ACROSS 1 Short glasses? 6 1979 exile 10 “Collective unconscious” coiner 14 Necklace material 15 Big Island port 16 “Beauty __ the eye ...” 17 President who appointed Sotomayor to the Supreme Court 18 Loads 19 Beatles movie 20 New Year’s Day staple, familiarly 23 One making sidelong glances 24 Bias-__ tire 25 Mil. roadside hazard 26 Highest of MLB’s “minors” 28 Ode relic 29 Animation unit 32 Place to learn to crawl? 37 “Harold and Maude” director Hal 39 Aptly named 22Down 40 Band since 1980 that disbanded in 2011 41 Freeway no-no 42 “The Wizard of Oz” device 43 It has a handle and flies

45 Comaneci score 46 “Now I __ me ...” 48 Getting-in approx. 49 90210, e.g. 50 Stylist’s supply 52 Run in the heat? 56 Place to split a split 60 Goes downhill fast 61 Ricelike pasta 62 Worthless 63 Confined, with “up” 64 “Terrif!” 65 Lena and others 66 Surfers’ guides 67 __ qua non 68 What one might see in a 20-, 32-, 43- or 56-Across

perhaps 22 39-Across automaker 27 Fake nail material 28 “Semper Fi” org. 29 Carp family fish 30 Spanish Civil War battle site 31 Snowshoe hare hunter 32 Narrow cut 33 Are in the past? 34 Emblem 35 Pretentiously showy 36 “Wide Sargasso __”: Jean Rhys novel 38 Overpower 44 Plant in an underwater forest DOWN 47 Golf green borders 1 Make a point 49 Citrus peels 2 NOLA sandwich 50 Certain strip native 3 Wipe clean 51 Overact 4 One concerned with 53 California town composition and angles whose name means 5 Hunk “the river” 6 Wrapped accessory 54 Doone who turned 7 Like links golf out to be Lady Dugal’s courses daughter 8 Crooked 55 Secret rendezvous 9 Bloviator’s talk 56 Furniture store 10 Muslim holy war that also sells Swedish 11 Exploited meatballs 12 “Aida” backdrop 57 Quatre et un 13 Macroeconomics 58 “... __ saw Elba” fig. 59 Starting from 21 Gem for a Scorpio, 60 No. at the beach


Sports Editor: Kristen Coppola Assistant Sports Editor: Haley Markle Thursday, March 28, 2013

The Arkansas Traveler Newspaper

Page 7

BASEBALL

Diamond Hogs Play Host to Bulldogs

SOFTBALL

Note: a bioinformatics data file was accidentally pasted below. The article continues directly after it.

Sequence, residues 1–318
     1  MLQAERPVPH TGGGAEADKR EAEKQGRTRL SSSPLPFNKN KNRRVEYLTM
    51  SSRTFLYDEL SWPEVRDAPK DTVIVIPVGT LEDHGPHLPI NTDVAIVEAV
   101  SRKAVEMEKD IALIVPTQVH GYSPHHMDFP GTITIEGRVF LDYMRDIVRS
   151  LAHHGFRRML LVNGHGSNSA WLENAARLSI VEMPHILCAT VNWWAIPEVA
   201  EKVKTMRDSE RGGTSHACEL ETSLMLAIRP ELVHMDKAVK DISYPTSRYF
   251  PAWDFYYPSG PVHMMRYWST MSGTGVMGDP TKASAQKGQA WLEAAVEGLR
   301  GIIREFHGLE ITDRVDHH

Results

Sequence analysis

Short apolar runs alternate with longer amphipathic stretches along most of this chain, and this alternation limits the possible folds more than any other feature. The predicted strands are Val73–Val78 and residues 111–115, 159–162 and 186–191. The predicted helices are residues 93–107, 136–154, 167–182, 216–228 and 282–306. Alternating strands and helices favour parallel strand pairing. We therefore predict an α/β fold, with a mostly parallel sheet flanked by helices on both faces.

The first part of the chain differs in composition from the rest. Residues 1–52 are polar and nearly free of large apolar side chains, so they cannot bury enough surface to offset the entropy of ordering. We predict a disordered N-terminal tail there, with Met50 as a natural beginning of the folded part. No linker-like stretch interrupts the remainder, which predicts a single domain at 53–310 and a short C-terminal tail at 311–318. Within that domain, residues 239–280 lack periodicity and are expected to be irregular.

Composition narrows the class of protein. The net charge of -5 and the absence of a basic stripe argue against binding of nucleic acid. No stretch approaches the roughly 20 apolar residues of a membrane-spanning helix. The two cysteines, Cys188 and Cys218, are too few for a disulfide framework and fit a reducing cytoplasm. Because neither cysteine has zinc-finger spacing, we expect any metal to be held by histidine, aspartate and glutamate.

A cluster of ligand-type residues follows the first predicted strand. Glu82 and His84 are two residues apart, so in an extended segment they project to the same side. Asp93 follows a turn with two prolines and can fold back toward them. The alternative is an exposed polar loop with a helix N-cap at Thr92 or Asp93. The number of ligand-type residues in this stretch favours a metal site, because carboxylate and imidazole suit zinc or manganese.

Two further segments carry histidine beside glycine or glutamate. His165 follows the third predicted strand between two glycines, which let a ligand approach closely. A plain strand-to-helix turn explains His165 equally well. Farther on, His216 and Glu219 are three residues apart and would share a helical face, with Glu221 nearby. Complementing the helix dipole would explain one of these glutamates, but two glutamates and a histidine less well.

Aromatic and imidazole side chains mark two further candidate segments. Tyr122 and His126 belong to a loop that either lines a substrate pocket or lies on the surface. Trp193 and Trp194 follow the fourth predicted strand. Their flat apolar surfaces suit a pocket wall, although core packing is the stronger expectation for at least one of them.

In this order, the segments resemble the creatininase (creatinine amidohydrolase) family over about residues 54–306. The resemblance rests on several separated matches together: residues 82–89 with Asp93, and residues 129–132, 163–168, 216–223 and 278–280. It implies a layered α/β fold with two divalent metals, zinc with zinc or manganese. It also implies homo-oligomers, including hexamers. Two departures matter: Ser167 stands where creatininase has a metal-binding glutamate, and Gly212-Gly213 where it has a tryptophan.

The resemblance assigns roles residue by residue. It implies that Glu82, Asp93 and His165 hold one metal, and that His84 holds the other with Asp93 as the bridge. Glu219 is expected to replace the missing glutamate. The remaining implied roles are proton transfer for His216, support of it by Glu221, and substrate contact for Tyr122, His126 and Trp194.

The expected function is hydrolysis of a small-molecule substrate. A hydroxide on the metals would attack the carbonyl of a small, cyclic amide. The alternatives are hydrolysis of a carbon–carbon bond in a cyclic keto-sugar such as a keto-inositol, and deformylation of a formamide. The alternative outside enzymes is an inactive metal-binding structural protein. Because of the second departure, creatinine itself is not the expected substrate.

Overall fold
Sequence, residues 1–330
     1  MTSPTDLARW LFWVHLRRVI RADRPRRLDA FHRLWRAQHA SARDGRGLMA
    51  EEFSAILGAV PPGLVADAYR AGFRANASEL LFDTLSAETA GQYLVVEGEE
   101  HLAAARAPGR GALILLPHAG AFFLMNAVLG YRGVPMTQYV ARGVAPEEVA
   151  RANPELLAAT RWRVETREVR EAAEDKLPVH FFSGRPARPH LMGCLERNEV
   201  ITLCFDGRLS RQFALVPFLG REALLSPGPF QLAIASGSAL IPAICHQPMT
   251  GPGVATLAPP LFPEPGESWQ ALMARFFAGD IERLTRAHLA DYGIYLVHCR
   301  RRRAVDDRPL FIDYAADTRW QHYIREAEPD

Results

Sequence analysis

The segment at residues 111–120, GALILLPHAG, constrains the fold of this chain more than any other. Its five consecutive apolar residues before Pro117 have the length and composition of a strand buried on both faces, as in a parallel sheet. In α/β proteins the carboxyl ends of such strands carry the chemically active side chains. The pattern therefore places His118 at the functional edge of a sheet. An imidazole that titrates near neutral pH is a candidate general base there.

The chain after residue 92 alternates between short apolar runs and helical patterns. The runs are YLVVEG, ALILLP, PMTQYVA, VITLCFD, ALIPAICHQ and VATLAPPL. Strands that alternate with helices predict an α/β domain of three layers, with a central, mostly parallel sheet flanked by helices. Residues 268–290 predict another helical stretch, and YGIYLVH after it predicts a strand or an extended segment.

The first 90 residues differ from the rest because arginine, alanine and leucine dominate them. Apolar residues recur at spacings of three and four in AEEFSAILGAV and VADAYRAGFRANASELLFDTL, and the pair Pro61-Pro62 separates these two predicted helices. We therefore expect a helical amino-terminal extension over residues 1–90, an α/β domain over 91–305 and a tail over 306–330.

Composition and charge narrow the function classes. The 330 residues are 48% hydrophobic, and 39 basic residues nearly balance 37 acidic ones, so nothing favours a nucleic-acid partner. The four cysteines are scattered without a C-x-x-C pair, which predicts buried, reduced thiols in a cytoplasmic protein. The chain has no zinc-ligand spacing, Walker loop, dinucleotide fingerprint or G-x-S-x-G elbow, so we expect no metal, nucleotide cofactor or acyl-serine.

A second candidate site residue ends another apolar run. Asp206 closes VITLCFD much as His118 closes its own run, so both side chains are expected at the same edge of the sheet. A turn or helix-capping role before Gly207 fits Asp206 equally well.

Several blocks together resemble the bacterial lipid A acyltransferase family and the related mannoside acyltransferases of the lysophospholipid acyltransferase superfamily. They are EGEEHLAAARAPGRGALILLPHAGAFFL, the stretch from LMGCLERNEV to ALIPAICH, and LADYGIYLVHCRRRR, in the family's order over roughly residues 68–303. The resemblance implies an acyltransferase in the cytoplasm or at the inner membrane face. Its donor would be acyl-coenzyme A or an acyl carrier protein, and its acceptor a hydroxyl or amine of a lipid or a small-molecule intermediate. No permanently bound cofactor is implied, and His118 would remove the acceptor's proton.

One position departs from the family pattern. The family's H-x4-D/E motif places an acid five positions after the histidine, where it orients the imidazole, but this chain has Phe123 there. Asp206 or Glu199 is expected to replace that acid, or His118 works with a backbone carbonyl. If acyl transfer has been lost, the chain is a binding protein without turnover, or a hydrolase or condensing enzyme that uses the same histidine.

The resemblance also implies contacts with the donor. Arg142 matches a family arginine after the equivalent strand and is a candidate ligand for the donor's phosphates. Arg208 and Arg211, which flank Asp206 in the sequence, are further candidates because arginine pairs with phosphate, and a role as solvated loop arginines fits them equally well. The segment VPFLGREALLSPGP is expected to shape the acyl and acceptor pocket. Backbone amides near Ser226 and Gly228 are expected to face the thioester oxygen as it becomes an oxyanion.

Razorbacks Face Dogs Eric Harris Staff Writer

Colby Suggs pitches at the Arkansas v. San Diego baseball game, Saturday, March 9 at Baum Stadium.

Cameron McCauley Staff Writer Week in and week out, the Arkansas Razorbacks grind through a difficult Southeastern Conference schedule just to face the next ranked team that comes to town. The Hogs swept No. 8 South Carolina in Columbia, S.C., last weekend, the first time the Gamecocks have been swept at home since 1999. Randall Fant had one of the best games of his career, giving up three hits and one earned run in over six in-

nings, earning the no-decision in the Hogs’ 5-3, 11-inning victory. Junior right-hander Ryne Stanek earned SEC Pitcher of the Week honors for his stellar performance on the mound against the Gamecocks. Stanek earned the complete game victory Saturday, striking out seven and allowing only three hits. Head coach Dave Van Horn is still experimenting with weekend starting pitchers, as the more experienced Barrett Astin was deemed the starter over freshman Trey Killian in Friday’s win over South Caro-

lina. Astin, Stanek and Fant will more than likely be named the starters this weekend against the Bulldogs. Next up in the SEC gauntlet comes Mississippi State. The Bulldogs are off to a 22-6 record despite dropping two out of three at Kentucky in their first true road test last weekend, and now sit at No. 15 in the USA Today coaches poll. Low temperatures and rain are in the forecast this weekend, which sometimes doesn’t bode well for opposing teams playing at Baum Stadium.